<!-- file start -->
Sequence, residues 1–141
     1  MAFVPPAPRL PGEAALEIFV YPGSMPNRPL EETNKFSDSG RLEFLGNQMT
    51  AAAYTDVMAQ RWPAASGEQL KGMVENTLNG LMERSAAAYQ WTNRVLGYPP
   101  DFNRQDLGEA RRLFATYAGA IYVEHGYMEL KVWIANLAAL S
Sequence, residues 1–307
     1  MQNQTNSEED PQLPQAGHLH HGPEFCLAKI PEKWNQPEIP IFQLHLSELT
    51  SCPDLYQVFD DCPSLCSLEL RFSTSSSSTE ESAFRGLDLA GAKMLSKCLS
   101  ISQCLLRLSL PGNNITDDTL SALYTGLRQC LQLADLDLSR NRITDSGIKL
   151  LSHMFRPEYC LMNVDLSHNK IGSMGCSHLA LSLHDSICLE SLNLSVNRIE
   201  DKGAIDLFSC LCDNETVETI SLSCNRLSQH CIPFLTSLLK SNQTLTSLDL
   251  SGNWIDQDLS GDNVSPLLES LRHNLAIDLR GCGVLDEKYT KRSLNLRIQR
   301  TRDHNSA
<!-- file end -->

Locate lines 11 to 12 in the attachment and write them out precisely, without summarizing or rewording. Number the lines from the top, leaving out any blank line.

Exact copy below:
   251  SGNWIDQDLS GDNVSPLLES LRHNLAIDLR GCGVLDEKYT KRSLNLRIQR
   301  TRDHNSA